The study seeks to provide an overarching understanding to the US objectives and policies in the Gulf region at three intersecting levels; strategic interests, regional security and political reform. This study takes United States interactions with Arabia, as a case study, during the period 2001-2018 under the administrations of G.W. Bush, Barack Obama and Donald Trump. Additionally, the study attempts to generate greater understanding of the dynamics that motivating American international politics and subsequent policies toward the Arab gulf countries through examining the interactions between both systematic and domestic factors. Noticeably, US entrenched vital enduring interests with the Arab Gulf States rested, for approximately seventy years, on protecting oil flow from the region into international economy without interruption, selling arms to the Gulf Arabs and maintaining gulf regional security against any real or potential threats. Therefore, the administrations of Bush, Obama, and Trump were not different from their predecessors in their strategy of preserving gulf security through forward military presence in the region. Hence, the author employs the neorealist theory to understand US interactions with the Gulf countries. Remarkably, despite some scholar's arguments that envisaged the US policies under G.W. Bush and Donald Trump as departed drastically from US conventional policy, the study argues and concludes that the US actual policy towards Arabia reflects a traditional policy of maintaining mutual interests.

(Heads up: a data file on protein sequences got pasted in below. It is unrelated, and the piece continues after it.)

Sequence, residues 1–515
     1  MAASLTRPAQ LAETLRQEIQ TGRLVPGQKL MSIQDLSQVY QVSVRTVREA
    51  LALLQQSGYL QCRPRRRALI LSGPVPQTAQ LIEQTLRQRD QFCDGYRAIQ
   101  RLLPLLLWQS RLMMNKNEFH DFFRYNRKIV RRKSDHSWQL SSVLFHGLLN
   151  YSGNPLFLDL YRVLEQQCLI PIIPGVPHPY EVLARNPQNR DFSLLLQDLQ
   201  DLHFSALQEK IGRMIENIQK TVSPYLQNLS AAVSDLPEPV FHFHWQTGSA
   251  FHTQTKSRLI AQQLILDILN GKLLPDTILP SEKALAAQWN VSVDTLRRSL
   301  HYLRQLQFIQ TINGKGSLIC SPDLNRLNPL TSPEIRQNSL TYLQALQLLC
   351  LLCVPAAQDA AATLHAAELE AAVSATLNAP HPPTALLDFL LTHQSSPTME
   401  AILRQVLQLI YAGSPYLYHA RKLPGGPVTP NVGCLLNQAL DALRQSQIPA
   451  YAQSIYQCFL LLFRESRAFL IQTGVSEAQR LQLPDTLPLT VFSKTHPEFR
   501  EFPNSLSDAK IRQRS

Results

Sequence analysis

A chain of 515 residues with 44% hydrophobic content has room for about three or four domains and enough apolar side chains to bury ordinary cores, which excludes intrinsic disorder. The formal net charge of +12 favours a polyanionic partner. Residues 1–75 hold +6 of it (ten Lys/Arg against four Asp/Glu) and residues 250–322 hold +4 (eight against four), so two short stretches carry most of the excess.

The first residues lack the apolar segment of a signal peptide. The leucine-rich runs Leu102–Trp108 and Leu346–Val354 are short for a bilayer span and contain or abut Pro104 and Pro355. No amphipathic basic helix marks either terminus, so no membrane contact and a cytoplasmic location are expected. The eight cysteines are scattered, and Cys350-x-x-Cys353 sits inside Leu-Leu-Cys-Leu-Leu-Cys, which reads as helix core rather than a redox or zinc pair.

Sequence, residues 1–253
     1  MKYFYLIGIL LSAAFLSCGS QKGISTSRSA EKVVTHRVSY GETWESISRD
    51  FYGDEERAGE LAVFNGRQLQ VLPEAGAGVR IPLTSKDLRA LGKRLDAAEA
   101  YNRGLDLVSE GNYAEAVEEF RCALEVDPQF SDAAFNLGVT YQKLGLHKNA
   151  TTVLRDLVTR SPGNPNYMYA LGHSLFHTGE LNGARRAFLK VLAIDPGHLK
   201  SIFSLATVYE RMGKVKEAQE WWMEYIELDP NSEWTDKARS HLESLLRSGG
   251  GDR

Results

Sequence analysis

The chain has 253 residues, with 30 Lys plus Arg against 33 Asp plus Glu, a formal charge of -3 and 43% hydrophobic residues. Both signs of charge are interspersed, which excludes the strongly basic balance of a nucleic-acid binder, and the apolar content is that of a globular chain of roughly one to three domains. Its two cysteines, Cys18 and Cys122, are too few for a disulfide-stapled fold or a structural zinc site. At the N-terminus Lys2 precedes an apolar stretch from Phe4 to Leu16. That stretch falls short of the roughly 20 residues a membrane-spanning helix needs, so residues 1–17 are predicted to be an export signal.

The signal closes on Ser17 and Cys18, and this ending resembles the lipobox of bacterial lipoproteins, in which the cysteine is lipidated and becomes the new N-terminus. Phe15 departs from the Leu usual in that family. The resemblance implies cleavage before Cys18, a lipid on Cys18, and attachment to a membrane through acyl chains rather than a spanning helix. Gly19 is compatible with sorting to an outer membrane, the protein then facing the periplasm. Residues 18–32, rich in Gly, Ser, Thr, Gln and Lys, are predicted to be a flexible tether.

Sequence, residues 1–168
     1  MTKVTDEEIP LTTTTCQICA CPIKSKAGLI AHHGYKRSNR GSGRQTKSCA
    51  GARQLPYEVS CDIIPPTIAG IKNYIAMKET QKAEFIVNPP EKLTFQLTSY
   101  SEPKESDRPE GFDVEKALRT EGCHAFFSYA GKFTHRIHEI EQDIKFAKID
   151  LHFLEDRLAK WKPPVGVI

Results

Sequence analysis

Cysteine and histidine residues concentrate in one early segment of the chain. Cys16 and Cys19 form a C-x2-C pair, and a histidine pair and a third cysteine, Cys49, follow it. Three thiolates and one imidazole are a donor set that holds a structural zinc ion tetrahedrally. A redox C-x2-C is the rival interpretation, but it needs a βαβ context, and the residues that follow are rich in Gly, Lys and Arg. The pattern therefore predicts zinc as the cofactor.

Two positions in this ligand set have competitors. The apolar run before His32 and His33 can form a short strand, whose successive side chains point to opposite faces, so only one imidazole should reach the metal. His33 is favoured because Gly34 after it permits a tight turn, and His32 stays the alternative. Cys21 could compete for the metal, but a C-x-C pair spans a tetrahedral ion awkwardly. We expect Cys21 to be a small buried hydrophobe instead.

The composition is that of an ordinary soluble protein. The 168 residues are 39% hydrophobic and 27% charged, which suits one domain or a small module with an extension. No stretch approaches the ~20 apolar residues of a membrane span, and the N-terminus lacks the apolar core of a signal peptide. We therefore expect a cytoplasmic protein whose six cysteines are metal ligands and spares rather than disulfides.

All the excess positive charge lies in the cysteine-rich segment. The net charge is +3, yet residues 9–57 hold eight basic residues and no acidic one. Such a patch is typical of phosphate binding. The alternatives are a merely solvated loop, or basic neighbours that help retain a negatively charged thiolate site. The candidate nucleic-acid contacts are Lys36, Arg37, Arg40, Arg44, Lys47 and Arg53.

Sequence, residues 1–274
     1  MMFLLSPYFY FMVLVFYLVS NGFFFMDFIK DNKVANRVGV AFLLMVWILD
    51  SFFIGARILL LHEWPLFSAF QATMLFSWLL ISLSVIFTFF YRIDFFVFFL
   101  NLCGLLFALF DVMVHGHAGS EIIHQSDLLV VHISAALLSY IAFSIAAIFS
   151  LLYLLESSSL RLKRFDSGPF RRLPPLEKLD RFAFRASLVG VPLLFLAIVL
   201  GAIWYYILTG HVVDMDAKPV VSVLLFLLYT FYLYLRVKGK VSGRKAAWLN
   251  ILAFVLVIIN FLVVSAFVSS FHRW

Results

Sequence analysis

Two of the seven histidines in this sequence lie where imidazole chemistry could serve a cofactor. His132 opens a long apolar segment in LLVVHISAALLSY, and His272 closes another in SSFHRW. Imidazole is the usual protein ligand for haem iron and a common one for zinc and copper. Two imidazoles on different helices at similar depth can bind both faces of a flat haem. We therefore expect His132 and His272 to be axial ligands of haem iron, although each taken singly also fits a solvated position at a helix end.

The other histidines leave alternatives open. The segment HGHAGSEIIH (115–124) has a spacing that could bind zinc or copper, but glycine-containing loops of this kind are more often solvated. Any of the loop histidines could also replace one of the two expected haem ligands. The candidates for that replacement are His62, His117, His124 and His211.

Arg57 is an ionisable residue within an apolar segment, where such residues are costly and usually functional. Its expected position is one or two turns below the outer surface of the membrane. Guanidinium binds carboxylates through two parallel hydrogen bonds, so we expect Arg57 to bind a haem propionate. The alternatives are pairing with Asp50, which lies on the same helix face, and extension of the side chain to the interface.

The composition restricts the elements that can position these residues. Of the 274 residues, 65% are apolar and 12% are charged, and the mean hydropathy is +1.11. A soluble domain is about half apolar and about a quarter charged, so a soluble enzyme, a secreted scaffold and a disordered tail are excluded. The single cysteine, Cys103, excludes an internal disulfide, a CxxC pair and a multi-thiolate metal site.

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Copyright (c) 2019 Dr. Ayman Saleh Al-Barasneh